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Hey, wanna forget about the election? Here’s some jazz.

Friday, Nov. 9

Setlist doesn’t give nearly the hosannas that it should to Latin jazz. It’s not the hugest of musical trends on our scene, mind you, but it’s a healthy, exciting form overall, and when its practitioners come to down we should pay more attention. Particularly when it’s a regular visitor to D.C., such as Chuchito Valdés. The pianist is the latest in a long line of great Havana-born pianists, his father being Chucho and his grandfather Bebo Valdés (the granddaddy, metaphorically speaking, of all Cuban jazz piano). Chuchito learned their lessons well and truly, wrapping up a few hundred years of Cuban musical tradition into one gleaming, intoxicatingly rhythmic package. It’s always a joy to have him back in town. Chuchito Valdes performs at 9 p.m. at HR-57, 1007 H St. NE. $25.

Saturday, Nov. 10

Chick Corea is a piano player and composer known for his musical organization and endless fascination with textures. Gary Burton is one of the vibraphone’s greatest innovators, and a lover of sumptuous melody. Who knew they were looking for each other? The collaboration between these two greats stretches back 40 years, and has continued, unabated, ever since. What’s astonishing, though, is that after all that time improvising together, they seem incapable of running out of ideas or energy. (Their release from this September, Hot House, was on this author’s shortlist for the best albums of 2012.) These two are among the best in the business—-Corea is an NEA jazz master, and Burton will be one any day now—-and together they’re something else again. Chick Corea and Gary Burton perform at 8 p.m. at Sixth & I Historic Synagogue, 600 I St. NW. $67.50.

Sunday, Nov. 11

William Parker has been perhaps the bassist in New York’s free-jazz underground since the ’70s, and has done damn near everything one can do in that context (and quite a bit outside of it). One doesn’t often associate him with film-score work, however. Well, one should. About five years ago, Parker wrote and began performing The Alphaville Suite, a new, original score for the 1965 sci-fi noir film Alphaville, by the legendary director Jean Luc Godard. It was a daunting task for Parker: He was filling in for the film’s original composer, icon Paul Misraki, and injecting a bleak dystopian film with work on which Parker wanted to “…swing from the stars and write poems from the sky.” Still, it’s been acclaimed as a great success, and has been performed and recorded—-but never played on a U.S. bandstand. That changes on Sunday. The William Parker Double Quartet performs at 8 p.m. at Atlas Performing Arts Center, 1333 H St. NE. $25 (students $15).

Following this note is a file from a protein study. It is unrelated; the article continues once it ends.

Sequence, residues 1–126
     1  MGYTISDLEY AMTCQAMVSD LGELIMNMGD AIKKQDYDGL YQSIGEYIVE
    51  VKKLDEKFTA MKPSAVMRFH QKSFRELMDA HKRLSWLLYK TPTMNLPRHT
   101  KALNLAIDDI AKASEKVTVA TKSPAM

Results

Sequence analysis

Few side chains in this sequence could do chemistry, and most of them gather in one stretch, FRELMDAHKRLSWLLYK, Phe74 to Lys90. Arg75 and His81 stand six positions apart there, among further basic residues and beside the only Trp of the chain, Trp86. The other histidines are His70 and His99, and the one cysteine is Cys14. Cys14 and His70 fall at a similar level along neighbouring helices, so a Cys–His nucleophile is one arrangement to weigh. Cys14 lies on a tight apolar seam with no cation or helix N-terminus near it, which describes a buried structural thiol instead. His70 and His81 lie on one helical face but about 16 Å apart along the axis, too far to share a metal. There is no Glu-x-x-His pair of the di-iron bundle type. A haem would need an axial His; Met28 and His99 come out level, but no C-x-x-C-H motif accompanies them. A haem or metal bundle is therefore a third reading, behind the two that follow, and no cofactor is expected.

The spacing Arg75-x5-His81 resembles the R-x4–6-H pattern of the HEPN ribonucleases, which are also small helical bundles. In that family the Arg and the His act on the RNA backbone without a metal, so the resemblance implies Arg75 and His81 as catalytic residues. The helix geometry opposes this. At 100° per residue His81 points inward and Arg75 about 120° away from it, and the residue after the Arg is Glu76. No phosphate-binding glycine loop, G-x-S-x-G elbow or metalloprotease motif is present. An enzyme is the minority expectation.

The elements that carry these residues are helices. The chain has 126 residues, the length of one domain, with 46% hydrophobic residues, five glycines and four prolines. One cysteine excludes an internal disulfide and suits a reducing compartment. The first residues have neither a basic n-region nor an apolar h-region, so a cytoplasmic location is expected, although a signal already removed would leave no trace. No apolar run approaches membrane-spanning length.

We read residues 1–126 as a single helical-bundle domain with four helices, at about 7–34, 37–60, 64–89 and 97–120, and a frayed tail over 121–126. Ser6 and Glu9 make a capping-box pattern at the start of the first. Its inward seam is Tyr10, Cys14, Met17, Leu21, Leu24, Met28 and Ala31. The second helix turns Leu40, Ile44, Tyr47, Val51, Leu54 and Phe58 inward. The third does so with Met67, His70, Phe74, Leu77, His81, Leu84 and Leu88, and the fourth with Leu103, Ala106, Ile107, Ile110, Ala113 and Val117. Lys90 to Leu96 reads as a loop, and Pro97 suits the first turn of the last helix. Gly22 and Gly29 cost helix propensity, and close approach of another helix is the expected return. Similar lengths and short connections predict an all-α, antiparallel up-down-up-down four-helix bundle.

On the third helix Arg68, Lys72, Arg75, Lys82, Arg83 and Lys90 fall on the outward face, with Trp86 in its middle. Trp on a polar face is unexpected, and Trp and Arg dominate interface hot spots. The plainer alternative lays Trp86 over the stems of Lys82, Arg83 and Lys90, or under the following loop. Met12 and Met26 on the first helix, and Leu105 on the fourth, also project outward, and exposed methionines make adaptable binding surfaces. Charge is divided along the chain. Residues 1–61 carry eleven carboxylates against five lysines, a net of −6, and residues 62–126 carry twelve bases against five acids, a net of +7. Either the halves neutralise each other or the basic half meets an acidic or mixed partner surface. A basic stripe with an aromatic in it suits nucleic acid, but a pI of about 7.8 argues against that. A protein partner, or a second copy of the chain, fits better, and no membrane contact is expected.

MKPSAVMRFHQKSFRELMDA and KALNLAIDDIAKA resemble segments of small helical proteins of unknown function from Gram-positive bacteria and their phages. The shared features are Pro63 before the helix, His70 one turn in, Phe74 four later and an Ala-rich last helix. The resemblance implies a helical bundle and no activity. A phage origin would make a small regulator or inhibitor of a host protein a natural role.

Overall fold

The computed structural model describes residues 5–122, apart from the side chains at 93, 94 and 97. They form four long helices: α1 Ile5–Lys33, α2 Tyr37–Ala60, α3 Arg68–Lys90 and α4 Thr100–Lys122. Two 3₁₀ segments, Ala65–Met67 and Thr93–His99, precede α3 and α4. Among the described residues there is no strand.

Photo: Frank Schindelbeck

Tuesday, Nov. 13

“I don’t like repeating myself,” says trumpeter Dave Douglas on his own musical eclecticism, “and I don’t like repeating anybody else.” Even so—-and even with his lengthy history of playing Balkan music, electronica, brass bands, and string bands, among others—-few could have predicted Douglas’ latest move. His new CD release, Be Still, is a collection of traditional Protestant hymns, the core of which were the tunes his mother requested he play at her memorial service last year. It’s a striking, beautiful set of music that shows a deep affection for and influence by the American gospel tradition and even some Appalachian heritage. He even enlists a folksinger, Aoife O’Donovan, to sing several of the tunes. Jazz elements are never far from the mix, however, with the strong band Douglas fronts: saxophonist Jon Irabagon, pianist Matt Mitchell, bassist Linda Oh, and drummer Rudy Royston. (The last, especially is one of the powerhouses of his generation.) It’s an unusual world for Douglas to enter, but one that’s full of grace. The Dave Douglas Quintet with Aoife O’Donovan performs at 8 and 10 p.m. at Blues Alley, 1073 Wisconsin Ave. NW.